April was Sexual Assault Awareness Month, and one way to raise awareness was by wearing jeans on ‘Denim Day‘ which was on 28 April 2021.
Denim Day is on a Wednesday in April every year and is to remind society of the dangers and injustices of victim blaming.
The campaign began after the Italian Supreme Court, in 1999, overturned a rape conviction in which an 18-year-old student in Italy was raped by her 45-year-old driving instructor during a driving lesson in 1992. They ruled that because she was wearing tight jeans, there must have been consent. The following day, the women in the Italian Parliament came to work wearing jeans in solidarity with the victim.
Since then, what started as a local campaign to bring awareness to victim blaming and destructive myths that surround sexual violence has grown into a movement. We are all familiar with the refrain: “she was asking for it…”; “what did he expect?”. These are of course weak excuses for criminal behaviour, if not outright condonement.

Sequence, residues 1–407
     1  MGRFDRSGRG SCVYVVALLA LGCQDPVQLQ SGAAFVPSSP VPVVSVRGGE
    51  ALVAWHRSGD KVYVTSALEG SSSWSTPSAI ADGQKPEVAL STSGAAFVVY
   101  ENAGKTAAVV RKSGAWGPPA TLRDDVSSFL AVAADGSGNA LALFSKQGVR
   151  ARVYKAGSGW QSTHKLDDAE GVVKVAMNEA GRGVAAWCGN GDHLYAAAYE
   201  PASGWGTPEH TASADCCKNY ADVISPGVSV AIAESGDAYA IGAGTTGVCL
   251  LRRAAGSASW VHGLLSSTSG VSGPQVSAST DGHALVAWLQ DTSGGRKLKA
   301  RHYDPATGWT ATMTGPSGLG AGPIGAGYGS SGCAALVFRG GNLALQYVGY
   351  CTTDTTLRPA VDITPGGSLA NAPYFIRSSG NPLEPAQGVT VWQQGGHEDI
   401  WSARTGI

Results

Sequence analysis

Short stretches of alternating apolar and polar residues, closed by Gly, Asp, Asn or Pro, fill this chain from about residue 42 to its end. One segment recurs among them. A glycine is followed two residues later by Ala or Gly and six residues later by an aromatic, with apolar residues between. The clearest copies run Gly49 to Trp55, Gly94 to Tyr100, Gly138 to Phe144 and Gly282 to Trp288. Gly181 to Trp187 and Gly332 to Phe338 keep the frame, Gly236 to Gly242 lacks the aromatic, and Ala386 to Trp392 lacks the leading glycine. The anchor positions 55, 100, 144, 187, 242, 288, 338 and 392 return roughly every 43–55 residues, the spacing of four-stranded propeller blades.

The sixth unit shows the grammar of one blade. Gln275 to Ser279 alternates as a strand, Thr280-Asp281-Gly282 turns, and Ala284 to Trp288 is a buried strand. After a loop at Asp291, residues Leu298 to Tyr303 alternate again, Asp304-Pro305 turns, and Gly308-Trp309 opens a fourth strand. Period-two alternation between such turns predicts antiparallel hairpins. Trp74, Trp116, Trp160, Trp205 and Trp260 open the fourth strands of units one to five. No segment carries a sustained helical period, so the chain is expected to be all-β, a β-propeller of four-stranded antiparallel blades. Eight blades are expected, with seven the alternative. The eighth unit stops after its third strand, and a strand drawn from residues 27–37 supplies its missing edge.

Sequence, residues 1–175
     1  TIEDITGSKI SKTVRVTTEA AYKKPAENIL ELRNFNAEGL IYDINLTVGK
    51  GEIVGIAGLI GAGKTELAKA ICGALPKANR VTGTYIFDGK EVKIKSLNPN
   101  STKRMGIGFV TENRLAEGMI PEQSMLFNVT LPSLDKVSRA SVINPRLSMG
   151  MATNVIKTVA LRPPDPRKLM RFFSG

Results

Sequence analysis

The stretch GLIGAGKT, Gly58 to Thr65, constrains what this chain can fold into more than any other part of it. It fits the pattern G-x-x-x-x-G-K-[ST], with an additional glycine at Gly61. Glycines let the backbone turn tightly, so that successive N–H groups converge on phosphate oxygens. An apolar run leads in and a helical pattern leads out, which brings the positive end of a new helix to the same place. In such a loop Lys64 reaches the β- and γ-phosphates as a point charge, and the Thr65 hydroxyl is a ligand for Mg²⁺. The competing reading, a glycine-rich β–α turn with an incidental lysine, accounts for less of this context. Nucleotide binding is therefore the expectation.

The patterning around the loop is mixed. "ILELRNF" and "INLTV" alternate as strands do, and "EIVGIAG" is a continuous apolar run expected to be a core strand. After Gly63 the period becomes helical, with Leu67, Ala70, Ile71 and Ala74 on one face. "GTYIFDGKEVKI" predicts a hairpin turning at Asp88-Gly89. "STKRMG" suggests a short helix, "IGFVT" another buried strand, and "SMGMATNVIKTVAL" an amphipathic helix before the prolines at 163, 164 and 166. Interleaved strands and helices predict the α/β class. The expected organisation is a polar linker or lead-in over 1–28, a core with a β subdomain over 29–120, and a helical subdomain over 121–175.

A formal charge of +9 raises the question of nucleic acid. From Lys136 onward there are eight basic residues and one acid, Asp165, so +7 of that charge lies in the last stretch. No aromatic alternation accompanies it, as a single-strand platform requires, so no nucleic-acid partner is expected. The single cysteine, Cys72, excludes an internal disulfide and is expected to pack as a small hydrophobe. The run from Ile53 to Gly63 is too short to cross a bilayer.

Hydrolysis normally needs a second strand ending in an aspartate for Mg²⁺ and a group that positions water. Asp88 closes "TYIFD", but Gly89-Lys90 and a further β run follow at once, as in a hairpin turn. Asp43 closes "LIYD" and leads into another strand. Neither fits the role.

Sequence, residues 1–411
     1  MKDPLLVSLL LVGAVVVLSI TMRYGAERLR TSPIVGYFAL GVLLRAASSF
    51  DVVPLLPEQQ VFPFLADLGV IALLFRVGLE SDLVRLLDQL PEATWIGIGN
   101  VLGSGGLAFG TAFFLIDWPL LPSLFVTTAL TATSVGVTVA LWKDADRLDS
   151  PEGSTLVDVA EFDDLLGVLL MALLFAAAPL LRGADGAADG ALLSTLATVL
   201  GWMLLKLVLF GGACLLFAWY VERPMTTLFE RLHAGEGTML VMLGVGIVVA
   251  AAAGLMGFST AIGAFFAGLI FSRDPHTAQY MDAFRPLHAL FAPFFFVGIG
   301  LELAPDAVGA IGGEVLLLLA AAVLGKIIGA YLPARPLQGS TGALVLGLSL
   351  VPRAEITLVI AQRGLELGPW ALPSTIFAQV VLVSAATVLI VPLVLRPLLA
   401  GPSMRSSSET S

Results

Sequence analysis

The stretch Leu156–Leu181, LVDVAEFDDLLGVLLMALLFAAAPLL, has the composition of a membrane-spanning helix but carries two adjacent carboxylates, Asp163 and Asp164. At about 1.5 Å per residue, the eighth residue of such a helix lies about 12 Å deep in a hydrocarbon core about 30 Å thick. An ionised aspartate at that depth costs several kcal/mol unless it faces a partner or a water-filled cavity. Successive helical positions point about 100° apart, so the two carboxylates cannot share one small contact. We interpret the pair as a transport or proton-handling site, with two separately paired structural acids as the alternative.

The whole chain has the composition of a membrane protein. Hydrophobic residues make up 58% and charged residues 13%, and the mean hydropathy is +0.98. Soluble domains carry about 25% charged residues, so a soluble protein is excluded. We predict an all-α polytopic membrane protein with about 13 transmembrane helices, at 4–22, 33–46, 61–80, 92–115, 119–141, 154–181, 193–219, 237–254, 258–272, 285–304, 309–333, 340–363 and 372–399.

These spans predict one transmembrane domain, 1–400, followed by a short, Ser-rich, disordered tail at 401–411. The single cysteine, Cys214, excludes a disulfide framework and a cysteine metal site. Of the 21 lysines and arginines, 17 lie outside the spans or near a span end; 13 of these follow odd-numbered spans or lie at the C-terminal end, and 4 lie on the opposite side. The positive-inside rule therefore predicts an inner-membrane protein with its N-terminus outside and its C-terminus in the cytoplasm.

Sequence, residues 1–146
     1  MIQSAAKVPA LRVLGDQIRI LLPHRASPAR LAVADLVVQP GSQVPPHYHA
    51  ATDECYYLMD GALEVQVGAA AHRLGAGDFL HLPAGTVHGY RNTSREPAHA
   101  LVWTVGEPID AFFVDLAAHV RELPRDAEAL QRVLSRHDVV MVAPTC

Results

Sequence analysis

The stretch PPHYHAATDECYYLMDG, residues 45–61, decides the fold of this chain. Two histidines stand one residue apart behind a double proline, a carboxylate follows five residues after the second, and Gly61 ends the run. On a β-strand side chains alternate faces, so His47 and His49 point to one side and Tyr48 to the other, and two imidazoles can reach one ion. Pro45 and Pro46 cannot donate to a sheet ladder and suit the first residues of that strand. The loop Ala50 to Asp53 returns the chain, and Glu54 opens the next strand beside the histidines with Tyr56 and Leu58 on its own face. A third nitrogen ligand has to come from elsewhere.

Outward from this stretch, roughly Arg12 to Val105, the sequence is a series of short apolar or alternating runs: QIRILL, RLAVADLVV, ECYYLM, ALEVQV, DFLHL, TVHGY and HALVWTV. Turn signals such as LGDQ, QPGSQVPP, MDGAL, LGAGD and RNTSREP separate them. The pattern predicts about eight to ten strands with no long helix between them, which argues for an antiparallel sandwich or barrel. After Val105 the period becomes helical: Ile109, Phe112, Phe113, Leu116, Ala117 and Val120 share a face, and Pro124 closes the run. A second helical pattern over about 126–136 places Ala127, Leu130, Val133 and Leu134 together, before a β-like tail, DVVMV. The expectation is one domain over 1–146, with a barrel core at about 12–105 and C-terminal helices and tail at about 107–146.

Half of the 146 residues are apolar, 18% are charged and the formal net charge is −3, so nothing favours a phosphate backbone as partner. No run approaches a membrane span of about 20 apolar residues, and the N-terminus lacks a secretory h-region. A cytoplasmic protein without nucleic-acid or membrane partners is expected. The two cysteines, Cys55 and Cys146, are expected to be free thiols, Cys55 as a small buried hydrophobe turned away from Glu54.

Denim Day asks community members, elected officials, businesses and students to make a social statement with their fashion statement by wearing jeans on this day as a visible means of protest against the misconceptions that surround sexual violence.
This is particular apt given current concerns about sexual assault and harassment in schools and universities.
Ofsted inspectors are to carry out checks on schools in England that have been the subject of recent complaints about sexual harassment and assault.
The education watchdog said inspection teams would visit a sample of institutions where cases have been highlighted on the Everyone’s Invited website, which has collected more than 14,000 testimonies including alleged rapes and sexual attacks among children of school age.
The visits will form part of an emergency review of sexual abuse in schools and colleges, due to be completed by the end of May.
Ofsted said it would not report on individual schools or cases but would look at good and bad practice across the country.